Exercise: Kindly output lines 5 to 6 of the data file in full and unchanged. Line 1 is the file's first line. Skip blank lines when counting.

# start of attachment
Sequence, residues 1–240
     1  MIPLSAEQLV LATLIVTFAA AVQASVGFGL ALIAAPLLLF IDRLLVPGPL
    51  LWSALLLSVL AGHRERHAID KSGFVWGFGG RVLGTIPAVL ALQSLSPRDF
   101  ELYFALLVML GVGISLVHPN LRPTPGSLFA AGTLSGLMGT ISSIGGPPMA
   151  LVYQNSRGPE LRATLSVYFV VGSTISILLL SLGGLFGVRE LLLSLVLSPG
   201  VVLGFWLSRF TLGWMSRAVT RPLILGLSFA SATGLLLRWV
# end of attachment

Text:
   151  LVYQNSRGPE LRATLSVYFV VGSTISILLL SLGGLFGVRE LLLSLVLSPG
   201  VVLGFWLSRF TLGWMSRAVT RPLILGLSFA SATGLLLRWV